08:47 GMT04 March 2021
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    Major Migrant Crisis in Europe (1819)

    The West wants to overthrow Bashar al-Assad, because he is a Russian ally and one of the main opponents of Israel in the Middle East, Dr. Marcus Papadopoulos, the editor of Politics First Magazine, told Radio Sputnik.

    The West, especially the United States, is responsible for creating chaos in the Middle East and North Africa that eventually resulted in the current refugee crisis in Europe. However, the mainstream Western media and journalists choose to ignore this, Dr. Papadopoulos said.

    Earlier this week al-Assad spoke with the Russian media and blamed the West for orchestrating chaos in Syria, but failing to take responsibility for millions of Syrian refugees that were forced to leave their country as a result of the conflict.

    "Assad is right. How many refugees were in Syria before the West started to support Islamists in Syria? None. But as soon as the West interfered the flow of refugees started," Dr Papadopoulos explained.

    Right now, refugees are coming from Syria, Iraq and Libya. All these countries have a common denominator — they are all the victims of Western interference. The US government, in particular, thinks it's above international law and that it can overthrow foreign governments that it doesn't like to pursue its own interests, the expert said.

    It shouldn't matter whether or not the US government likes al-Assad, or liked Muanmar Gaddafi and Saddam Hussein, because they were the legitimate leaders of their own countries. As soon as the United States removed Gaddafi and Hussein, their countries descended into chaos and Islamic extremists of all kinds took over the countries, turning millions of people into refugees, Dr Papadopoulos continued.

    Since al-Assad is a Russian ally, Washington wants to remove him. Two other key reasons why the US government is so keen to overthrow al-Assad are because he is an opponent of Israel, America's main ally in the region, and a friend of Iran, Dr Papadopoulos explained.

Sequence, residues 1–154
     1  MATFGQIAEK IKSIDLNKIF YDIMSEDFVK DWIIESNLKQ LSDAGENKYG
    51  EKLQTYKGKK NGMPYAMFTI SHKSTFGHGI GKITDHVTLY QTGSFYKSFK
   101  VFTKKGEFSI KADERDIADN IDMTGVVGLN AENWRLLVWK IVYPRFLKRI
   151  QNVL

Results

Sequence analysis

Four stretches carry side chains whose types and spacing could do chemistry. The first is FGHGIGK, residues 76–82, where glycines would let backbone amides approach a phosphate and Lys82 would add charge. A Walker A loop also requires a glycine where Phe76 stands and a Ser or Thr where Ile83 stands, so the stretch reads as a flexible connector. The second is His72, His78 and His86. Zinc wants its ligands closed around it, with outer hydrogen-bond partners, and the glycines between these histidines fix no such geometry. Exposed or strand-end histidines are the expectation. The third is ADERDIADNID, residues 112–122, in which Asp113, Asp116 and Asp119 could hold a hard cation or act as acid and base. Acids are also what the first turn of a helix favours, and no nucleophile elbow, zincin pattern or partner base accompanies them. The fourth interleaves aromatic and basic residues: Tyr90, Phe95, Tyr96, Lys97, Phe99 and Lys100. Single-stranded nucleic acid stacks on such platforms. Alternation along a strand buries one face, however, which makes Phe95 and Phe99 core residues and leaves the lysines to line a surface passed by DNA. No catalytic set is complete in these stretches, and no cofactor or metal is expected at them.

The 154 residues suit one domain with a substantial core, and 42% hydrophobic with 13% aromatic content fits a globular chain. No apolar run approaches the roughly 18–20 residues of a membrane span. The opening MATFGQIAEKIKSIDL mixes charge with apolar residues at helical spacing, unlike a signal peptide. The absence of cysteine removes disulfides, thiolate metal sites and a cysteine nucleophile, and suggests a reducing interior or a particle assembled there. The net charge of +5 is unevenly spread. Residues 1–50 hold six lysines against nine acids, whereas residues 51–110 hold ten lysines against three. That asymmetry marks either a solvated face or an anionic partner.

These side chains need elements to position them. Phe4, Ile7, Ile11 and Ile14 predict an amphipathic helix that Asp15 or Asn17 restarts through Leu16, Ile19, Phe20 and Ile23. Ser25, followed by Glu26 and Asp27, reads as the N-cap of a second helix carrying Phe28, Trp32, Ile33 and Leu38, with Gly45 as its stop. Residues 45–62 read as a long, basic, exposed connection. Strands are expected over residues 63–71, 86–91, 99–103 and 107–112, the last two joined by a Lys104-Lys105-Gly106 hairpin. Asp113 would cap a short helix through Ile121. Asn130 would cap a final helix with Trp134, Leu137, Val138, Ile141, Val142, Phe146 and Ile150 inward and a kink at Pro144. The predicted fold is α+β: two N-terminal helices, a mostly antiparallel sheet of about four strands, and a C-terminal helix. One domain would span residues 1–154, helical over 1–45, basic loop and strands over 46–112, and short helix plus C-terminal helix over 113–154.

Culturally and demographically, Syria is a very delicate and complicated country and if one interferes into this sort of a country, there bound to be "terrible repercussions," Dr Papadopoulos said.

    Having created the conflict, now the US government has to sit down with al-Assad and try to find a working solution to solve the crisis. It's also crucial to have Russia as a mediator, since Damascus and Moscow are long-time allies and without the role of the Kremlin a deal won't happen.

     "You might not like each other, but you have to work with each other," Dr. Papadopoulos said, bringing up the example of Iran and how it was possible to solve the issue of Iran's nuclear program when everyone decided to sit down at the negotiations table.

    Deals can be made, the US government just has to realize that it must learn to compromise with others, the expert concluded.

    Major Migrant Crisis in Europe (1819)


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    Daesh, foreign intervention, refugee crisis, Islamic extremism, diplomacy, Marcus Papadopoulos, Bashar al-Assad, Israel, Libya, Syria, Iraq, US, Russia
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